Another year has gone by! How time flies when you’re having fun and living in the future.
Last year, at the end of the season, I did a recap going over a few key statistics about the show. It’s really important for me to continue to think about what kind of show I’m making, who I’m featuring, and whether I’m making any progress on my goals. So this year I’m doing another post to check-in on how things are going and whether I hit my targets for diversity in the voices featured on Flash Forward.
SEASON 4 NUMBERS
Gender ratio of those experts*: 42% men, 57% women, 1% nonbinary
Racial diversity of those experts*: 65% white, 35% POC
* these IDs are assumed by me, based on what I know of the guests. I did start asking guests for their pronouns this season, but I did not explicitly ask each of them to self-ID their gender or race. Next season I’m thinking about better ways to gather this data that doesn’t feel invasive.
(Last season’s numbers can be found here.)
At the end of the last season, I wrote that I wanted this season to increase the racial diversity of the experts on my show 10 percent, to feature 40 percent voices of color. I failed at that, only increasing the share by 5 percent. I’ve been thinking about that, and what I can do next season to get up to that 40 percent goal. I’ll quote myself from last year’s post about why this is important to me:
To me, one of the things that makes Flash Forward different from a lot of other tech and future related shows is that I try to focus on perspectives that don’t come purely out of a single white, straight, able-bodied, cis, male worldview. The future is for everyone, and white men aren’t the only ones who are building it. In fact, I’m convinced they’re almost always the least interesting ones building it. I’m committed to featuring more diverse voices in future seasons, to highlight the people you haven’t heard of, but should absolutely know about. So I think it’s important to be transparent about my numbers here, and I hope you all hold me accountable next season for this.
I’m making some big changes to the show next year, in terms of format and scope, and I think some of those changes are going to also help me highlight marginalized voices better too.
As Flash Forward marched on, so did time. Here’s an incomplete list of what happened over the last year in regards to all the futures we’ve covered on the show:
A Womb Away From Home (artificial wombs): Researchers successfully transplanted a uterus into a woman in 2016, and this year that woman gave birth to a healthy baby using that transplanted uterus.
The Moon is a Harsh Second Mistress (space pirates drag a second moon to earth): No new moon on the horizon (heh, heh) but China is sending a lander to the far side of the moon.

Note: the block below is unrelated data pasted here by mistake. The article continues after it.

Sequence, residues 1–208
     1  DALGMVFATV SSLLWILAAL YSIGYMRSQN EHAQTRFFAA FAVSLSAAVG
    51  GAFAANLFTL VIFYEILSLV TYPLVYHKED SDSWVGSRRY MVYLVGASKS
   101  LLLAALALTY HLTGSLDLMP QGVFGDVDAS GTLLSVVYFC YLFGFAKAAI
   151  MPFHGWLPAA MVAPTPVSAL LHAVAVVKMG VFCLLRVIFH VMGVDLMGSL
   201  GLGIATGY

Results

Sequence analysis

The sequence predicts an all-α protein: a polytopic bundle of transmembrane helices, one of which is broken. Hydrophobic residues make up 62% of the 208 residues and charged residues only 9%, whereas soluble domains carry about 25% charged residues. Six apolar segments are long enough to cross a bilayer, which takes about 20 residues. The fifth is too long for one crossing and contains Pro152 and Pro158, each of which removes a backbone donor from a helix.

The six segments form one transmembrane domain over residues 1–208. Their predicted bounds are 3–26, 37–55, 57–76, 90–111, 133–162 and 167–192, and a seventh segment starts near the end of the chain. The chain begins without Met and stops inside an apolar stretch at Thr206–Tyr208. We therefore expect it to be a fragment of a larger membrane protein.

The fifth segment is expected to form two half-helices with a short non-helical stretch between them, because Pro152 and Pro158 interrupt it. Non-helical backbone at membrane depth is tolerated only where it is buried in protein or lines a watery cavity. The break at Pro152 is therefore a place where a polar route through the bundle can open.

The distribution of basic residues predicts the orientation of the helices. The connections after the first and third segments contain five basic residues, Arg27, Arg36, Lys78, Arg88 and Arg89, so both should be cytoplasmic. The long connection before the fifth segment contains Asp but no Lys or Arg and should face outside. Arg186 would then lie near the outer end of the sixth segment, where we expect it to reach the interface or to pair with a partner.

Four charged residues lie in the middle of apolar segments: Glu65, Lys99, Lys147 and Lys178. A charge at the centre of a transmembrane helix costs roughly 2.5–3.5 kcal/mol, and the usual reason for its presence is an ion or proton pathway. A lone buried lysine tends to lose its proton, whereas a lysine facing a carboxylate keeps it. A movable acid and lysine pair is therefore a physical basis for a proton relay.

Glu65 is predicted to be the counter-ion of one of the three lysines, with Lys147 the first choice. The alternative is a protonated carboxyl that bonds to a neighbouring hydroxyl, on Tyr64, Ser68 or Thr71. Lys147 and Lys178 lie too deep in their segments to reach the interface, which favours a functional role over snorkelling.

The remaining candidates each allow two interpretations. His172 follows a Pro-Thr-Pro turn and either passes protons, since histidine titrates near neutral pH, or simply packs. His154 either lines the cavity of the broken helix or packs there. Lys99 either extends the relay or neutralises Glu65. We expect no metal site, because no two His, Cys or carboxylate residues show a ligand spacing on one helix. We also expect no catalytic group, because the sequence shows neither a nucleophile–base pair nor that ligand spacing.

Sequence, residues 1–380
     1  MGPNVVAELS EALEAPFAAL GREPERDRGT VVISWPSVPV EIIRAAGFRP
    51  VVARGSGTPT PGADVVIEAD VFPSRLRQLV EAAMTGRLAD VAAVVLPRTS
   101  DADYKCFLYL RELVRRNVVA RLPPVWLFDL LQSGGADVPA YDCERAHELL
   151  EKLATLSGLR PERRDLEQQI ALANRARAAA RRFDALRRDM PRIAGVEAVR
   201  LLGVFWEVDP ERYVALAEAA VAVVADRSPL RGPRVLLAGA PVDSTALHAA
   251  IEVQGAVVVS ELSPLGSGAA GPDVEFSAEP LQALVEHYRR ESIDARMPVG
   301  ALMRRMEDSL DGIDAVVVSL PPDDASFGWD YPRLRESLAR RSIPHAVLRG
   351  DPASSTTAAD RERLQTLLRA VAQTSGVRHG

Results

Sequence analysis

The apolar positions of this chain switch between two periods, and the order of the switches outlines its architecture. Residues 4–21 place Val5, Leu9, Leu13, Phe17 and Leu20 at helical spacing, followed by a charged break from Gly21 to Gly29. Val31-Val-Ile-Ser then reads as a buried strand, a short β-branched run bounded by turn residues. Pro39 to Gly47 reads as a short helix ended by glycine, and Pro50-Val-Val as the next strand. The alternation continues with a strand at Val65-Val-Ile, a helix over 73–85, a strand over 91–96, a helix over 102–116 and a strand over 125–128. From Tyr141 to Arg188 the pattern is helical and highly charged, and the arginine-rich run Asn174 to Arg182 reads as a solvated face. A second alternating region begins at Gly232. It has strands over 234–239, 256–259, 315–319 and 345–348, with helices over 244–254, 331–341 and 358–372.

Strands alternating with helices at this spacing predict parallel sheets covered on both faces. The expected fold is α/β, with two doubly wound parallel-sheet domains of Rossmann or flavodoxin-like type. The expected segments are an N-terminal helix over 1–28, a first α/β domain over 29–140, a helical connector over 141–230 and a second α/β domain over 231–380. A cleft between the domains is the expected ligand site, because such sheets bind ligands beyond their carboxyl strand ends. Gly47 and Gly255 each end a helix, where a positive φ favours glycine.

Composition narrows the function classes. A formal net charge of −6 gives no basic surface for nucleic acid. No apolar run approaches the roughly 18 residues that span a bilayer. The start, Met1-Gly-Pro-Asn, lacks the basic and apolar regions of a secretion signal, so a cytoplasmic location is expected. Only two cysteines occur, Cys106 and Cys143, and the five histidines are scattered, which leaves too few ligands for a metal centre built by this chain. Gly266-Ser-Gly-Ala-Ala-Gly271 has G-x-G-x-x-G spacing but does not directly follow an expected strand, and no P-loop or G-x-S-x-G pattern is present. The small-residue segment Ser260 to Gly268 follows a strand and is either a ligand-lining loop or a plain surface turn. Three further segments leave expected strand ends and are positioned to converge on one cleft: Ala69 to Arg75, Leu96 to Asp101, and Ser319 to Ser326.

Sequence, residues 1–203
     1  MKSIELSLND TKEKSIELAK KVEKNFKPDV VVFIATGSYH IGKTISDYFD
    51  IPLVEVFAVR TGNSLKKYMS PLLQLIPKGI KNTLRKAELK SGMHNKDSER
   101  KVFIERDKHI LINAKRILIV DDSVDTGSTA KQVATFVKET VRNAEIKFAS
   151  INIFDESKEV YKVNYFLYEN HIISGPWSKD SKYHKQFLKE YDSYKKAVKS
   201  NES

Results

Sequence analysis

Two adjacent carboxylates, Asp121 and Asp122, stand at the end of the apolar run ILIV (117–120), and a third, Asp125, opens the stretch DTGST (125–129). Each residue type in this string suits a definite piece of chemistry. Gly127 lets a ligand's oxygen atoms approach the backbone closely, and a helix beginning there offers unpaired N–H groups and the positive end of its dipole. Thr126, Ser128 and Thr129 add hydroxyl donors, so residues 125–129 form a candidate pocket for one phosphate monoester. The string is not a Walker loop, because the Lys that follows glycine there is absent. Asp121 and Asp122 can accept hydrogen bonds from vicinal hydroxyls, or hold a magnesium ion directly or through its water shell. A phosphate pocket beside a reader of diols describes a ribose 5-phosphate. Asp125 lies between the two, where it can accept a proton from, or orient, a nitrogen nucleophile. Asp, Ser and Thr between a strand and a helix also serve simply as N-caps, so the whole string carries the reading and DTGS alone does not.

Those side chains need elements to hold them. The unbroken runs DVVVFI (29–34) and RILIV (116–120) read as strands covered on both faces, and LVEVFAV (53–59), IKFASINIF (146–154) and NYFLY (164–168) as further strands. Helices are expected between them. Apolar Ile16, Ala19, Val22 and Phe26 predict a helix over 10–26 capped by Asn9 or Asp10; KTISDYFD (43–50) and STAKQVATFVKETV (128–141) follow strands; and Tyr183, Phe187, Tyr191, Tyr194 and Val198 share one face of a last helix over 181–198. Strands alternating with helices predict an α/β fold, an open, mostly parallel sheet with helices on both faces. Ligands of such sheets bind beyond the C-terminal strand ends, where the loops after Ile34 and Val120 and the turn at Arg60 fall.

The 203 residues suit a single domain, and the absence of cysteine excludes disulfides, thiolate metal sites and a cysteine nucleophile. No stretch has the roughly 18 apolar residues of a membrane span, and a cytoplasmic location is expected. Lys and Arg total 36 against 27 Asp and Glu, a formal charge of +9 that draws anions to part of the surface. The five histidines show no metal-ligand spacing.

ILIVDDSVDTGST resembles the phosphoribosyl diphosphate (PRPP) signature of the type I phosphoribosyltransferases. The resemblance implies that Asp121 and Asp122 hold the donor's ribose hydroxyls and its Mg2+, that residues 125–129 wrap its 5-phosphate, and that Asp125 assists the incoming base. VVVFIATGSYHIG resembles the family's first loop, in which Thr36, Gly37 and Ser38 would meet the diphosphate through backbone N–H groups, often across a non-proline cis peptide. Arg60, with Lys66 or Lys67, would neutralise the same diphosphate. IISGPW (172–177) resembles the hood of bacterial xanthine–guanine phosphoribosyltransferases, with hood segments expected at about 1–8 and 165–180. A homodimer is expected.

Forcing The Hand (all weapons are banned): It’s been a big year for conversations around gun control in the United States, after a series of mass shootings from a concert in Vegas, to a bar in Thousand Oaks, California, to a Synagogue in Pittsburgh, to Marjory Stoneman Douglas High School in Parkland Florida (I could go on, and on, but I won’t). Despite increasing public outcry, nothing much has changed. Dicks Sporting Goods announced it would take measures to reduce the number of guns sold, to be met with incredible backlash but a small but vocal set of gun owners.
The Most Dangerous Game (contact sports are banned): The evidence that sports like football are directly linked to chronic traumatic encephalopathy (CTE) has continued to grow. This year, a study found that at least 10% of NFL players could develop CTE.
Revenge of the Germs (antibiotic resistance): This continues to be a huge problem and there are so many things I could link to here, but I’m picking this amazing deep dive into killer tulips (yes, killer tulips) by Maryn McKenna, who was a guest on this episode.
Never Lay Me Down To Sleep (a drug to keep sleep away forever): One of the drugs we talked about in this episode is modafinil, which is used by astronauts and soldiers alike to stay awake during long missions. This year, people started pushing the DEA to change the classification of modafinil so that more people can legally take it.
The Day the Internet Broke (we abandon the internet): Who shuts down the internet most? According to data from Access Now, India, by a huge margin.
The Supernova Next Door (a nearby supernova goes off): This year some researchers proposed that a supernova 160 light years away from Earth was responsible for the extinction event that wiped out most of the giant marine animals.
The Bodybuilders (human augmentation becomes common): A research house named Gartner Inc. recently estimated that that “human augmentation market” would be worth $2.3 billion by 2025.
Grounded (commercial flight is banned): The IPCC put out a terrifying report this year on climate change, suggesting that while we could theoretically limit warming to acceptable limits we almost certainly wouldn’t. And it’s not just that flying contributes to the causes of climate change, flying is also going to be impacted by that said change.